Page intro (story)

“The HLLC is an expression of the vision and hope for building a strong society that is palpable at Rutgers University–Newark. This intentional program underscores our commitment to diversity and building civic dialogue.”
Dean of the HLLC and Associate Professor of Urban Education in the NCAS
Rutgers University–Newark

Dr. Timothy Eatman's Story

Dr. Eatman is the new Dean of the Honors Living-Learning Community and Associate Professor of Urban Education in the College of Arts & Sciences.  He previously served as Associate Professor of Higher Education at Syracuse University and faculty co-director of Imagining America: Artists and Scholars in Public Life (IA), a thriving consortium of over 100 colleges, universities, and cultural organizations—including Rutgers University–Newark—whose members strengthen the public roles of arts, humanities, and design fields through research and action initiatives, coalition building, and leadership development. He will continue to serve as co-director of IA until its central office moves from Syracuse University to the University of California Davis next July. An educational sociologist who earned the 2010 Early Career Research Award from the International Association for Research on Service Learning and Community Engagement (IARSLCE), Tim is a sought- after speaker, workshop facilitator, and collaborator who has earned national and international recognition for his leadership in advancing our understanding of the multi-faceted impact of publicly engaged scholarship. Most recently, Tim was elected to the IARSLCE board of directors.

For the past four years, he has served a faculty member of the American Association of Colleges and Universities’ Institute on High-Impact Practices and Student Success. He holds an appointment as Honorary Professor at the University of South Africa through the end of this year. As co-principal investigator of IA’s Tenure Team Initiative on Public Scholarship, he co-authored its widely cited report, “Scholarship in Public: Knowledge Creation and Tenure Policy in the Engaged University” (2008) with IA’s founding director, Julie Ellison, and organized a series of regional meetings with Campus Compact that involved more than 60 higher education institutions. This work on faculty rewards led to a second national study on the career aspirations and decisions of graduate students and early-career academic professionals who identify as publicly engaged scholars. He is co-editor of the forthcoming Handbook on Service Learning and Community Engagement under contract with Cambridge University Press.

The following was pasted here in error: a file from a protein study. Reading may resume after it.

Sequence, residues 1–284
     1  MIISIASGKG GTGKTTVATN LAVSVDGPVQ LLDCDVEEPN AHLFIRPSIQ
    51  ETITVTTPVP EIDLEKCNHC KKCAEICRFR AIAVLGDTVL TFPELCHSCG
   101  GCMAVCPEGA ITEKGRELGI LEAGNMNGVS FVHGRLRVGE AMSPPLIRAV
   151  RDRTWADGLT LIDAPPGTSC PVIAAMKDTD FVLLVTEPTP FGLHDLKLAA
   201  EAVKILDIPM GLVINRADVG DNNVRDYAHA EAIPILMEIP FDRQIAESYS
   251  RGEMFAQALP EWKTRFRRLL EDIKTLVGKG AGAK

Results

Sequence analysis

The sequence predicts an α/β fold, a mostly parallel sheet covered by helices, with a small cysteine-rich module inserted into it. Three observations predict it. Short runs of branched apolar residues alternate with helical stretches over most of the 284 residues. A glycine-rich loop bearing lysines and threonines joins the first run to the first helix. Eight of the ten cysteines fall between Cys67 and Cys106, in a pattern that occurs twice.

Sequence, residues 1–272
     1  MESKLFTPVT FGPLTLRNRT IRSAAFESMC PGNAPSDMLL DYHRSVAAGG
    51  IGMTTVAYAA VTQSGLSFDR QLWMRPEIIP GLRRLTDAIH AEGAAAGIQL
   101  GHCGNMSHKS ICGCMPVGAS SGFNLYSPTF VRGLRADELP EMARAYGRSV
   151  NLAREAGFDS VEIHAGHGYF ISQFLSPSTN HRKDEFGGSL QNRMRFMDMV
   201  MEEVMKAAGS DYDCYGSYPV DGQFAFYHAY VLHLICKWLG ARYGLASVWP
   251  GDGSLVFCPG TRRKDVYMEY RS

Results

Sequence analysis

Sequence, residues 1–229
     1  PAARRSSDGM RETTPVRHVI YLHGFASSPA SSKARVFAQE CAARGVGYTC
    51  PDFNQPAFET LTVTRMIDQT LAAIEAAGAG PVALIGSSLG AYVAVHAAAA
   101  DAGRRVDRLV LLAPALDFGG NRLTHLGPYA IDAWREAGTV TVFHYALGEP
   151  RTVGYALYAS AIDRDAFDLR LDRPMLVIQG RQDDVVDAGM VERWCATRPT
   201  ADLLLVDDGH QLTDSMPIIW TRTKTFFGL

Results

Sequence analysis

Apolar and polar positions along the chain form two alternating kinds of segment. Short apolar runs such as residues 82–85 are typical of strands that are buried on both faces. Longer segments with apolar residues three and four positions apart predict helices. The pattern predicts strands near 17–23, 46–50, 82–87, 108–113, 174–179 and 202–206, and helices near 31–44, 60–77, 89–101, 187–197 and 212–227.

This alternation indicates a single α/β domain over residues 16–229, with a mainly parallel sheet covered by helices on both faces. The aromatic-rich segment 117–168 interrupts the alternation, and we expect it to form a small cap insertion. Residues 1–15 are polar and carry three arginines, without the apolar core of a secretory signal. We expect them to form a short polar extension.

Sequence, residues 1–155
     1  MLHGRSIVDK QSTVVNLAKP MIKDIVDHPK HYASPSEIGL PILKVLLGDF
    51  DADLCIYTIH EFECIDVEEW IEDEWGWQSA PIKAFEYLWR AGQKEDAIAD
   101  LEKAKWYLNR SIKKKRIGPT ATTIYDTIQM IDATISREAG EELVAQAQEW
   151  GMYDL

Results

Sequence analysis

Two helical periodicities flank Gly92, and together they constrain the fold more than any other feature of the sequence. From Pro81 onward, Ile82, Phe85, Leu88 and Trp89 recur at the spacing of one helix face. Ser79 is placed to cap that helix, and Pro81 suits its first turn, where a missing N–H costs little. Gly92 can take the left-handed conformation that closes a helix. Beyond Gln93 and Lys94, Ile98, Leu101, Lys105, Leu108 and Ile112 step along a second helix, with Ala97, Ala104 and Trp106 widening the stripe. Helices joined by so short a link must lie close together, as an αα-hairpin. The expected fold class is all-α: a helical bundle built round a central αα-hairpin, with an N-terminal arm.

As dean, Tim will build on the incredible work of the faculty on the HLLC Curriculum Team, who dedicated their time over the past year to design and implement the first phase of a university-wide interdisciplinary HLLC curriculum focused on “Local Citizenship in a Global World.” This innovative HLLC curriculum is being designed for an intergenerational and interdisciplinary learning community comprised of students, faculty, and community partners focused on tackling some of the nation’s most pressing social issues. As such, the curriculum is committed to providing HLLC Scholars with the education, resources, and opportunities necessary to be the thought leaders within their fields, positive collaborators within their communities, and change agents in our world. To build organically on their own knowledge and lived experiences, HLLC Scholars learn to increase cross-cultural competence and approach local challenges that resonate globally from historical, philosophical, legal, scientific, and comparative perspectives.

The HLLC curriculum provides the flexibility to focus on issues ranging from civil rights, race and ethnicity, gender and sexuality, religion, domestic and international violence, environmental justice, health inequities, and questions of democracy and citizenship. Tim is especially suited as a scholar and teacher to lead the development of the HLLC curriculum and the groundbreaking academic work that the HLLC will seed at Rutgers University–Newark and nationally across higher education. He will lead this transformative work and an outstanding team, including six new faculty mentors who will work in cohorts of ten students each, supporting the terrific HLLC Scholars, 87 in all (61% from Newark and 47% first-generation college students).